Noun: the official proving of a will.
Verb: to establish the validity of a will.
Regardless of which you use, probate generally requires involvement of the Court. Probate is the court-supervised process of authenticating a last will and testament, if there is one, or of proving the heirs-at-law of the decedent if there is no will. There are several steps to probate which may include: authentication of the will, appointment of a personal representative, also known as an executor of the estate, locating the decedent’s assets, paying the decedent’s debts, assisting with the final income tax returns and any other tax returns needed, and distributing the remainder of the estate to the rightful heirs of the decedent.
We value your time and want to speak with you about your needs. Please fill out the form below and we will contact you shortly. Thank you.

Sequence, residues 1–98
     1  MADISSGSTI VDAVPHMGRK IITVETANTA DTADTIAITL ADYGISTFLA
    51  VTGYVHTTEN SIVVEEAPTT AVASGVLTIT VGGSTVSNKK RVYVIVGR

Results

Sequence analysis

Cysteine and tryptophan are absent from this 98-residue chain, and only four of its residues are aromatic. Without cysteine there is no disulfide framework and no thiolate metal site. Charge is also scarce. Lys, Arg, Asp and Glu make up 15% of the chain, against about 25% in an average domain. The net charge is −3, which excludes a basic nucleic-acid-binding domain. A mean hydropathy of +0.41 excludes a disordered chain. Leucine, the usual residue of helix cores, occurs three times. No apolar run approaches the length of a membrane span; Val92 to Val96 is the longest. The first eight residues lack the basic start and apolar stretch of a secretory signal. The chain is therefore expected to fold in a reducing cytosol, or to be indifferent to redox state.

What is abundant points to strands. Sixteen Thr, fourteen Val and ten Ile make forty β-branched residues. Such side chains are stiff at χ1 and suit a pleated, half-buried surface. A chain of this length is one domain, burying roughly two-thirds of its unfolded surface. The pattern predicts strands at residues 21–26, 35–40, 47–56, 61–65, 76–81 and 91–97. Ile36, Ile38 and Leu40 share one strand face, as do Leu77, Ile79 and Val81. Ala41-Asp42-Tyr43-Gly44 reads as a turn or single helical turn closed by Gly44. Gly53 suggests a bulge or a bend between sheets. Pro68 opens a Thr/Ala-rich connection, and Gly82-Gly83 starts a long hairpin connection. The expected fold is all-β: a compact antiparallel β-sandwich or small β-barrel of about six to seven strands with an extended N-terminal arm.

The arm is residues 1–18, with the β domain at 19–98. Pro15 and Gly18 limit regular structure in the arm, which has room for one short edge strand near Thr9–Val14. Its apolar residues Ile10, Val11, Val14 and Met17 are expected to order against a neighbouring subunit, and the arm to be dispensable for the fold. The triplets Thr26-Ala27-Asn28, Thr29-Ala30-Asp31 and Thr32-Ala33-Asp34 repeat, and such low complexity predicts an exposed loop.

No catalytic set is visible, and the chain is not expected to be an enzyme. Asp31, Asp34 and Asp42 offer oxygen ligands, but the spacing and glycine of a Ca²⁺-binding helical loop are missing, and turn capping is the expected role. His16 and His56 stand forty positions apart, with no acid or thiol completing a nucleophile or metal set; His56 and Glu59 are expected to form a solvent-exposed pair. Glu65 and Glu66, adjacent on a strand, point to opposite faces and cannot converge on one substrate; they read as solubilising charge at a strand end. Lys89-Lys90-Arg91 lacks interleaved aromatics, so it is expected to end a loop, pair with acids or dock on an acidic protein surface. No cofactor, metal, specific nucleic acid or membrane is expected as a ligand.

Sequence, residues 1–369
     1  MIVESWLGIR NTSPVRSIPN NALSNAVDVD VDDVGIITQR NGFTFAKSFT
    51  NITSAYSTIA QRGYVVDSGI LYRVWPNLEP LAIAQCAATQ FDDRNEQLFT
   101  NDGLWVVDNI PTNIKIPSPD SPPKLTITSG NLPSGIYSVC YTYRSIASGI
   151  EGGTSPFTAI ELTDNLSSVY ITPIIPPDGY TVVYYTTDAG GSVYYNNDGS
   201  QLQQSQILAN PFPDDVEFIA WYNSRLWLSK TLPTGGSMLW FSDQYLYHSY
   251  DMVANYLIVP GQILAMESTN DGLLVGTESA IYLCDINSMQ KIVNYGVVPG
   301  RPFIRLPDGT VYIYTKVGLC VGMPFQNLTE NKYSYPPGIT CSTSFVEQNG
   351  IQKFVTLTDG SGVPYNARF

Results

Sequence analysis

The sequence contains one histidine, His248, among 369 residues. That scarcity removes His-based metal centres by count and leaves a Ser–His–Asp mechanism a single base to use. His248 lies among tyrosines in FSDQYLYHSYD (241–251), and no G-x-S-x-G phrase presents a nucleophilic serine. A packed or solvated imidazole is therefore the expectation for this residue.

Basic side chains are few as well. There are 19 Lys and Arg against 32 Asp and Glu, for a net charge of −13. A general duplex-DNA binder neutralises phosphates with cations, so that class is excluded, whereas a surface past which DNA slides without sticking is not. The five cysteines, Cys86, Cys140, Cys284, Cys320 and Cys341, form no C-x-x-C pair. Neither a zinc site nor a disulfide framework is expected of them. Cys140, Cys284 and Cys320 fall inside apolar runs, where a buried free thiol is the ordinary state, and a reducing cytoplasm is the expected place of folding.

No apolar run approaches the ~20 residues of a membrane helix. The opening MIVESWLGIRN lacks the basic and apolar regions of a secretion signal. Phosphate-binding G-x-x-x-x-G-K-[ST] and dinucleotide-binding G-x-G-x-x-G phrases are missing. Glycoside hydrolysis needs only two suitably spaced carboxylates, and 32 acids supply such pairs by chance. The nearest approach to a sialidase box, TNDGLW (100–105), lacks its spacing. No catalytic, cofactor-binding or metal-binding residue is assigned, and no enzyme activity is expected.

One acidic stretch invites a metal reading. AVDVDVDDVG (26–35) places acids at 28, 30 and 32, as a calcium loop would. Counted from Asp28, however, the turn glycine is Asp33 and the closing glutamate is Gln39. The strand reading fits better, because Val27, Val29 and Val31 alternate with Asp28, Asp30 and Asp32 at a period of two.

IMPORTANT LEGAL NOTICE:
No Attorney-Client Relationship is created by the use of this website. Neither your receipt of information from this website nor your use of this website to contact Shepston & Miller Law, PLC, (hereinafter “the Firm”) or one of its lawyers creates a confidential communication or an attorney-client relationship between you and anyone at the Firm. By filling out the “Contact Us” form and clicking “send”, you hereby agree that you are not a client of Shepston & Miller Law, PLC, and you understand that the information that you send via this link will be used to check for conflicts and may not be kept confidential. You will become a client of the Firm only if and when you sign an engagement agreement setting forth the scope of the Firm’s engagement, the fee arrangement, and other relevant matters. As a matter of policy, the Firm does not accept a new client without first investigating for possible conflicts of interests and obtaining a signed engagement letter.